Many expert sources suggest brussel sprouts and tomatoes are not compatible plant partners . It is said that these crops should be planted separately from one another because both are very heavy feeders. When a crop is considered to be a heavy feeder, it means that they absorb nearly all of the soil’s nutrients, which will likely need to be replenished at least once during the growing season.

To replenish the soil’s nutrients, a side dressing of compost can be directly added to the soil during the season. In general, it is highly suggested that tomatoes not be planted as a companion for brussel sprouts.

Can You Plant Brussel Sprouts and Cucumbers Together?

There are differing opinions relating to whether or not brussel sprouts and cucumbers should be planted together. Some experts suggest that members of the cabbage family, including brussel sprouts, support the growth of cucumbers, and vice-versa.

But, brussel sprouts are heavy feeders and tend to absorb large amounts of water, and if planted in close proximity to cucumbers, will compete for water and other resources.

Like tomatoes, cucumbers are not an ideal companion plant for Brussel Sprouts since they will be in direct competition for nutrients and water.

I believe that this comes down to a gardeners soil and planting. If you have great soil full of nutrients I don’t think this is a problem at all. If you have soil that isn’t heavily fertilized you might consider planting these plants further away from each other.

How To Keep Bugs Off Brussel Sprout Plants

Common threats to brussel sprouts are pests. The most notable insects which will disrupt the growth of brussel sprout plants are cabbage loopers, harlequin bugs, and aphids.

Cabbage loopers are small, white or green worms that rely on crops within the cabbage family to be their host plant. Cabbage loopers lay eggs and feed off the underside of Brussel Sprout leaves, causing damage to the foliage of the plant. Cabbage loopers can be prevented by hand-picking the larvae off the leaves and also by applying organic pesticides like neem oil.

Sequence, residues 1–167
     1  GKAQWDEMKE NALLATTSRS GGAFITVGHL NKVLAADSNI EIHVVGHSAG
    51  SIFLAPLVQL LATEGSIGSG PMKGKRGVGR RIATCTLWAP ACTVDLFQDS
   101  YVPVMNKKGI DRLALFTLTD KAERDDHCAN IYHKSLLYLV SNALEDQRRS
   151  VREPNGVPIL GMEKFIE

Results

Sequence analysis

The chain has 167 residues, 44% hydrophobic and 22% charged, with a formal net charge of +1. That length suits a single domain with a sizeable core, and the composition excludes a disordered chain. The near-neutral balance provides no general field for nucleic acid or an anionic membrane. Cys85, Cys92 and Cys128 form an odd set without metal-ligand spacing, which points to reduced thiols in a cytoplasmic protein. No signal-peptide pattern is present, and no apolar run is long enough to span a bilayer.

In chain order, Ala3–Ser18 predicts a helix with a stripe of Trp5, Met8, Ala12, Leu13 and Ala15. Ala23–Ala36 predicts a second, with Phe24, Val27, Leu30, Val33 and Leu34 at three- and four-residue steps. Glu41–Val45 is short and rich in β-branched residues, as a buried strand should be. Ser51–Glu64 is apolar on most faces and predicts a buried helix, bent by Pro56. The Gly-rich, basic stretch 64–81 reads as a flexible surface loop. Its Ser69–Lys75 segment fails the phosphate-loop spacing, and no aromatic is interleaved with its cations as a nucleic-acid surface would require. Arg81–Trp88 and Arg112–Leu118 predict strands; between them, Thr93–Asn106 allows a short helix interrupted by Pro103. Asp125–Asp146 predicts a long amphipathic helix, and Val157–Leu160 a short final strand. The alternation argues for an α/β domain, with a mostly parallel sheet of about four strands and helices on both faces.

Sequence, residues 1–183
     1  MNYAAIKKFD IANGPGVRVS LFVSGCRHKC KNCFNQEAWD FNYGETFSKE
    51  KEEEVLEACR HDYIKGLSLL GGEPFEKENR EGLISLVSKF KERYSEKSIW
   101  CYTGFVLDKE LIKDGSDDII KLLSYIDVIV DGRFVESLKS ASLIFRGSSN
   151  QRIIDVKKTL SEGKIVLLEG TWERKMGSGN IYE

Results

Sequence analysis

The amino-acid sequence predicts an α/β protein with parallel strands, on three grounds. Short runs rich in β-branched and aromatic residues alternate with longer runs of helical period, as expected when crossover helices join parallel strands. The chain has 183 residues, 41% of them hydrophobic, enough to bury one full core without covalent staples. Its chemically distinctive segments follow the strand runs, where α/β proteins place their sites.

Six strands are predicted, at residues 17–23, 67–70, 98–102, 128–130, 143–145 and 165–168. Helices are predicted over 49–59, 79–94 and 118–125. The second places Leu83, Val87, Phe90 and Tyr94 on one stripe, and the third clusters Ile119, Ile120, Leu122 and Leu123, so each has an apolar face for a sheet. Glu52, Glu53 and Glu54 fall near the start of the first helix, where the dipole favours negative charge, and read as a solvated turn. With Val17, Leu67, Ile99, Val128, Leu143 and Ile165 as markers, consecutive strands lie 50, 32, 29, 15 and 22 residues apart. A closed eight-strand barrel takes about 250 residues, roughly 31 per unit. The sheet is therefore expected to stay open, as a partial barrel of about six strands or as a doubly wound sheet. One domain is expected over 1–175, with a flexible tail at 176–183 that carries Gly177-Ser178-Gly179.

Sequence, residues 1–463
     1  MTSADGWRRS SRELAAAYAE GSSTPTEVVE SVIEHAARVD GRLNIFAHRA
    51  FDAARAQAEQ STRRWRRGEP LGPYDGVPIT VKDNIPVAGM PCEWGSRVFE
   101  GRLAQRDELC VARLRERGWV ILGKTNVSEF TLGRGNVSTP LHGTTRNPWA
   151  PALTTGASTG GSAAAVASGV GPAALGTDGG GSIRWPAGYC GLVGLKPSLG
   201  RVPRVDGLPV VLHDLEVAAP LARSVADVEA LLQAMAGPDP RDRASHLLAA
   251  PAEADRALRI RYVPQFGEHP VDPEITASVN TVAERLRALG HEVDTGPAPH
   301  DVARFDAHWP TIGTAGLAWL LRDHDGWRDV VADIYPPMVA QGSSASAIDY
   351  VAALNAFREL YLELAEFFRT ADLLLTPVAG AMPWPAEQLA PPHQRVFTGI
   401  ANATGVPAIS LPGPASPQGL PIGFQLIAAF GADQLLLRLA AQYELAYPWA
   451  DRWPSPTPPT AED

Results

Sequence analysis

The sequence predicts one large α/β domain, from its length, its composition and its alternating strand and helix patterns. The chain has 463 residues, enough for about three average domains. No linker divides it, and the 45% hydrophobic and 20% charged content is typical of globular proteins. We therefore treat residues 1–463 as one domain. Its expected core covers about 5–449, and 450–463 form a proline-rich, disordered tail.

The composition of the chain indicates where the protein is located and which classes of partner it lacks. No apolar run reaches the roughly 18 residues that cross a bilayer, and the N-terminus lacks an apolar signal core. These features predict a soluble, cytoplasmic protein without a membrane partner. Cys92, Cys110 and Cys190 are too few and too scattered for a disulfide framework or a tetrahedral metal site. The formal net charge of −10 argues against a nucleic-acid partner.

Neem oil is my go to for any kind of pests in the garden as well as disease like powdery mildew. It’s 100% organic, made from the seeds of the neem tree, and can be sprayed on plants 2-3x a week if there’s a serious pest problem. It coats the leaves with a wax like coat and also has an active ingredient that destroys bugs exoskeletons and eggs.

Harlequin bugs are another threatening pest to brussel sprouts who pierce the crop’s foliage to extract its nutrients. The signs of a harlequin-bug infested crop are small white spots, known as stipples, within the leaves, resulting in them to appear tattered and brown. The damage caused by harlequin bugs will lead the plant to wither, become deformed, and can result in the death of the plant.

Aphids, which are essentially plant lice, appear as very small, green or black soft-bodied insects, aphids, similar to cabbage loopers, also feed on the underside of leaves, causing them to become wrinkled or curled. When aphids snack on the plant’s leaves, they extract plant sap from the crop.

In instances in which aphids do not kill the plant, it will cause the plant to grow extremely slowly and brussel sprouts will form small, light heads.

To control an aphid infestation, insecticidal soaps or neem oil can be applied to the plants leaves. Additionally, heavy and powerful water streams have proved to be a successful way to remove aphids from brussel sprout crops.

Please comment below with you own thoughts on companion planting!